Excerpt from Hugh M. Scott, Origin and Development of the Nicene Theology: With Some Reference to the Ritschlian View of Theology and History of Doctrine (Chicago Theological Seminary Press, 1896), pp. 250 f.
The loss of the gospel conception of personal, living union throughout life of the believer with the exalted Christ was followed inevitably by the wrong soteriology of the early Church: (1) Because He was not felt to be the head of every Christian man and every congregation, bishops and other heads arose. (2) Because direct personal communion with Him was obscured, the Church and the Sacraments came in between the soul and the Saviour, thus not only bringing in a hierarchy but perverting the whole conception of man’s relation to Christ. (3) Because constant, direct approach to Christ was lost, a thousand indirect approaches by washings, fastings, visions, ascetic practices, confessions, came into use. (4) Because the witness of Christ by His Spirit in the heart was largely overlooked, too much stress was laid upon intellectual forms of faith, philosophical proofs of Christianity, and theological creeds. (5) This loss of the present Christ in the midst of the worshiping congregation was followed by a more formal worship, in which liturgies, elaborate ceremonies, and theological statements, too much took the place of the free charismatic prayers and teachings of the primitive Church. (6) In life also, as the thought was obscured that Christ dwells in each believer, a loss of holiness followed. To have the rules of the Church, to follow her discipline, was a lower standard than to “have the mind of Christ.” From the individual this view spread to the Church. For the New Testament, believers were a temple of God; for Callixtus, the Church was the ark of Noah, full of both clean and unclean creatures. (7) Finally, this loss of Christ as King in each Christian changed the whole missionary character of the Church. Instead of all preaching — let him that heareth say, come” — the clergy preached and the laity listened; or monks went out, spreading their defective views of Christianity.
Dr. Hugh M. Scott (1848-1909), Professor of Church History at Chicago Theological Seminary, writes in Origin and Development of the Nicene Theology: with Some Reference to the Ritschlian View of Theology and History of Doctrine, Lectures Delivered on the L. P. Stone Foundation at Princeton Theological Seminary, January 1896 (Chicago Theological Seminary Press, 1896), note, pp. 220 f.:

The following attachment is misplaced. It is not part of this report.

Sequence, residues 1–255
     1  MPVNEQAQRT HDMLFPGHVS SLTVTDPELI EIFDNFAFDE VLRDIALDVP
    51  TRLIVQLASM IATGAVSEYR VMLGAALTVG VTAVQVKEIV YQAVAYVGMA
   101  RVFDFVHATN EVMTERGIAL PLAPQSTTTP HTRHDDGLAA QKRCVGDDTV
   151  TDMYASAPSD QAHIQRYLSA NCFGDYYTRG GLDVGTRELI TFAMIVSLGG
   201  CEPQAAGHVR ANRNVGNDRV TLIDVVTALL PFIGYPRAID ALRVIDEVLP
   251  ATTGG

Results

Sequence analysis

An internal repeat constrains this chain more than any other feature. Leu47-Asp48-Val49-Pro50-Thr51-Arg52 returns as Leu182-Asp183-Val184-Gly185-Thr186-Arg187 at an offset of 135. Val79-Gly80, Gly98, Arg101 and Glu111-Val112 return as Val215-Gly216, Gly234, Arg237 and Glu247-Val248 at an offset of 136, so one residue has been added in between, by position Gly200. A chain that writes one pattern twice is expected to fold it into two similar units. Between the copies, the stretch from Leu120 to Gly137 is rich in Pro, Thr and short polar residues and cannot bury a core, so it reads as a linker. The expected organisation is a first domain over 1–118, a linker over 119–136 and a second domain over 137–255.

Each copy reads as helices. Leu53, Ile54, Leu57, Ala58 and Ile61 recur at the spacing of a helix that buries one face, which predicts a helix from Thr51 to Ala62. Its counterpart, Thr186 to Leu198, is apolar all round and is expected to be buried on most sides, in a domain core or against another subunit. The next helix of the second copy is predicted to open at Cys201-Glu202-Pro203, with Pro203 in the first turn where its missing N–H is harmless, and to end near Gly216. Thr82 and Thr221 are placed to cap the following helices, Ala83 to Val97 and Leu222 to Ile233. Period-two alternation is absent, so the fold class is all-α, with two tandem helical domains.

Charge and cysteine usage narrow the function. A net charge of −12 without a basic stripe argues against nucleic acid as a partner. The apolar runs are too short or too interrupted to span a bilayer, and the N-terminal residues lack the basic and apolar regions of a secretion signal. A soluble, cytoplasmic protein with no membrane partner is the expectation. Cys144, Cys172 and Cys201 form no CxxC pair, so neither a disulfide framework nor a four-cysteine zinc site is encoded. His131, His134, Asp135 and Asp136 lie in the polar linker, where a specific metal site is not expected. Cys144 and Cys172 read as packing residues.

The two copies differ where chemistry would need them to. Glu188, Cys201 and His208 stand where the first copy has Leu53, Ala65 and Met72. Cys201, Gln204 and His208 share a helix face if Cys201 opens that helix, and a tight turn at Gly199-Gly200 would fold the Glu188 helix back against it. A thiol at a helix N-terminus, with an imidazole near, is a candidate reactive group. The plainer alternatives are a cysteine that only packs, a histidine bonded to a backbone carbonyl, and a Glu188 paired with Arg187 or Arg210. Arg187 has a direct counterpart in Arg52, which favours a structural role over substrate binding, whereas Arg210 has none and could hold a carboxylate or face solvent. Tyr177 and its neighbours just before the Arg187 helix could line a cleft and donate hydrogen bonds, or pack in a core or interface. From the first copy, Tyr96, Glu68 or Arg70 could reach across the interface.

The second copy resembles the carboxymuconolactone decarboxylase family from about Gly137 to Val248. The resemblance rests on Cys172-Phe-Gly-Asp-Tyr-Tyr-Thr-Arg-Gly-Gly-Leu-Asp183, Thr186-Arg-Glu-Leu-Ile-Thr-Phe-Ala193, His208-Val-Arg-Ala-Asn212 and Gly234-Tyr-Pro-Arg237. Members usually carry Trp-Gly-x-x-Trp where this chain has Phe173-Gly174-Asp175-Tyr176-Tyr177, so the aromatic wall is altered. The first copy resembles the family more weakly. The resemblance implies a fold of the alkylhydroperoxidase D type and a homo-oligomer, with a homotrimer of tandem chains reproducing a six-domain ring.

The greatest problem in the internal history of the early-Church was that of sins committed after baptism. Connected with it, appeared Montanism, schisms, asceticism, sacraments, penances, etc. The solutions reached were various and, in an increasing degree, unsatisfactory. (1) In opposition to Montanism, many Catholic Christians grew content with a lower standard of living, became more unholy, and trusted in general belief in Christianity and doing one’s duty. (2) In recognition of a certain truth in the attitude of separation from the world preached by Montanism, ascetics and later monks sought pardon of post-baptismal sins in the anchorite life. (3) The Church that did not flee to the deserts magnified more and more the sacraments and mysteries as means of blotting out sins. The number of sacraments was increased, a penitential system (from Cyprian on) grew up about them, and a mathematical calculation of good works arose, which reckoned the alms, prayers, and other exercises, required for the removal of every kind and degree of post-baptismal sin. Sacraments especially got between the soul and the Saviour, till, by a strange combination of superstition and a longing for the Divine Redeemer, the doctrine of the Mass arose in the Middle Ages — the one dogma developed in that eclipse of faith — and brought the penitent, kneeling before the bread and wine, to bow also to Christ crucified. The supreme central position attained by the Mass, with all its errors, helped fasten the faith of the worshiper upon Christ, even though the very prayer addressed to Him was part of a system of legality. (4) But above all and crowning all, was the thought that good works earned the pardon of post-baptismal sins. Cyprian said, “we wash away by alms ” such defects. He summed up religion in “prayer and good works” (Ep. xvi. 2). These, he said, satisfied God. The Lord’s Supper, which Irenaeus called “a gift” (IV. 17, 5), Cyprian called “a sacrifice,” offered by “a priest” and only in the Church (Ep. Ixiii. 14). It was the great aid of good works. Here we find the clear outlines of early Catholicism, with its “utter materializing of religion” by legalism and priestcraft (Seeberg, S. 115). The result was a two-fold morality, of “secular” Christians, who did as well as possible in the world, and “regular” Christians, who assumed the Virgin, the ascetic life. Heaven was the reward of such good works; hence eschatology now became prominent with its resurrection to crown the saints with immortality, and the rich payment for all faithful services. The Kingdom of God passed more and more into this future of hope.